I Have Today Seen Wilbur Wright and his Great White Bird
The airplane debuted to rave reviews.
- By Mary Collins
- Air & Space magazine, March 2003
Library of Congress NEG. #LC-W861-1
(Page 2 of 7)
At the time, few lay people understood the difference between flying for miles in an airship and piloting an airplane. The fact that Orville stayed aloft for 12 seconds in front of a handful of men didn’t make very good copy. A Virginian-Pilot reporter decided to embellish his story.
“Flying Machine Soars 3 Miles in Teeth of High Wind Over Sand Hills and Waves at Kitty Hawk on Carolina Coast
“Steadily it pursued its way, first tacking to port, then to starboard, and then driving straight ahead.
“ ‘It’s a success,’ declared Orville Wright to the crowd on the beach after the first mile had been covered.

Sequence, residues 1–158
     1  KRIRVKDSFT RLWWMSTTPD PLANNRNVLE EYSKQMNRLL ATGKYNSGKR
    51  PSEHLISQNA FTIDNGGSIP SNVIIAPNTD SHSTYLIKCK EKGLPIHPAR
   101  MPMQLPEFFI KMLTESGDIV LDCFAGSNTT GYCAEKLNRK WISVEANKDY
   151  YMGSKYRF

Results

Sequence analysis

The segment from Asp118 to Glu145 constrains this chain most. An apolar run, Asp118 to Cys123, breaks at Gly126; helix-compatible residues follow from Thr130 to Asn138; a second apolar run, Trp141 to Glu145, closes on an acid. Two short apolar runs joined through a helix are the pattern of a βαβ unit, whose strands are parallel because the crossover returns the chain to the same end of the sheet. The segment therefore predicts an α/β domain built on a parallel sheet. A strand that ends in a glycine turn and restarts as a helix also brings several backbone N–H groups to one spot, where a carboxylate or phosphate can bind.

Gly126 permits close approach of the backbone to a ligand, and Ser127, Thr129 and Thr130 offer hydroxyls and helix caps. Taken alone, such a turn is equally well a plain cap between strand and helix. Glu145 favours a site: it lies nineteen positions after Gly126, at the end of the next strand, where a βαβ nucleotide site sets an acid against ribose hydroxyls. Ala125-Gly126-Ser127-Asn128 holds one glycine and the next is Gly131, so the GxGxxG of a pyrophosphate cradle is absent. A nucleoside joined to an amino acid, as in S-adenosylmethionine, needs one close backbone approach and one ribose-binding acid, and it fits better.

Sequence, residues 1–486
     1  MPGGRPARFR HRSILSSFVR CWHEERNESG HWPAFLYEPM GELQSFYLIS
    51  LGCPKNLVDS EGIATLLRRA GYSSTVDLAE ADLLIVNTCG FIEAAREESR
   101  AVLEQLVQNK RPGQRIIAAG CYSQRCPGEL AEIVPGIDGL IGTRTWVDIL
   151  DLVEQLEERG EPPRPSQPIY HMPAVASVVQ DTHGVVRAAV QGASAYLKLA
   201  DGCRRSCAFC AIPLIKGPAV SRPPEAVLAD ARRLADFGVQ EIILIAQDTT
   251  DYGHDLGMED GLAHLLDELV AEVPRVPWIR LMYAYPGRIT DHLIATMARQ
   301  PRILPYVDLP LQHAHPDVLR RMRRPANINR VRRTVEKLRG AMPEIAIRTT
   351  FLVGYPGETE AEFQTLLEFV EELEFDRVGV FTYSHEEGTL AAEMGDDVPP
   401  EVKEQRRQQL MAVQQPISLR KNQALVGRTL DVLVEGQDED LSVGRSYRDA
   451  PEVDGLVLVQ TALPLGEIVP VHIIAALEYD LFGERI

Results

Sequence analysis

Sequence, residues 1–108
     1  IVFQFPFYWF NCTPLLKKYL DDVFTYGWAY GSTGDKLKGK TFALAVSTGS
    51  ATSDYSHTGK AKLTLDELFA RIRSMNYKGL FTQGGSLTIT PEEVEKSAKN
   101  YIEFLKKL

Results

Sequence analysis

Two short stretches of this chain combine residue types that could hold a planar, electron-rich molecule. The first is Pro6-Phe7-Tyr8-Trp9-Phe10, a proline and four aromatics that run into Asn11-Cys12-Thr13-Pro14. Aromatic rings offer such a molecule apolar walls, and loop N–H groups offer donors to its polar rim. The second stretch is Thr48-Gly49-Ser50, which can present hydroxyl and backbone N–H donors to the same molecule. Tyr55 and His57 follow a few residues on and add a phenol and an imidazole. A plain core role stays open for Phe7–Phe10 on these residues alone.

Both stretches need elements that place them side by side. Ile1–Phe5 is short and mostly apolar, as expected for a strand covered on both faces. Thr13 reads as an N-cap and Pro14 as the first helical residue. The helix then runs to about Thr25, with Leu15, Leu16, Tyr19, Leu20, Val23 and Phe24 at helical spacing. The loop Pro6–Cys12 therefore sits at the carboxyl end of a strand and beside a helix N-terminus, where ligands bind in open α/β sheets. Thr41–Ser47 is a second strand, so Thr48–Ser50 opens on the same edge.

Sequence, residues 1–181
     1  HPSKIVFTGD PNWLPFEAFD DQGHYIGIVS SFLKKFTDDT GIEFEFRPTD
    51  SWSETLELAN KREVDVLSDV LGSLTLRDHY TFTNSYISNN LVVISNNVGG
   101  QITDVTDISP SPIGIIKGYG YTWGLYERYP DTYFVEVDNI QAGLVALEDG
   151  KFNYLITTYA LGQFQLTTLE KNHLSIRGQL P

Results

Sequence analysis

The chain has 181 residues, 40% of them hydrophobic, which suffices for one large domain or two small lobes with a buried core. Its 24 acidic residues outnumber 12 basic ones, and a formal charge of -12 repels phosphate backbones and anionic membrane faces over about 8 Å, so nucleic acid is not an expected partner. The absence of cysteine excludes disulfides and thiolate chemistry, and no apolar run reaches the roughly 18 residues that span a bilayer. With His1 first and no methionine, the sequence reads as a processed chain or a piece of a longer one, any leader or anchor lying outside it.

“But the inventor waited. Not until he had accomplished three miles, putting the machine through all sorts of maneuvers en route, was he satisfied.
“Then he selected a suitable place to land, and gracefully circling drew his invention slowly to earth, where it settled, like some big bird, in the chosen spot.
“ ‘Eureka,’ he cried, as did the alchemists of old.”
—Virginian-Pilot, December 18, 1903 The Dayton Evening Herald, which had run the Virginian-Pilot’s outlandish version of the Wrights’ first flight, published the brothers’ correction three weeks later.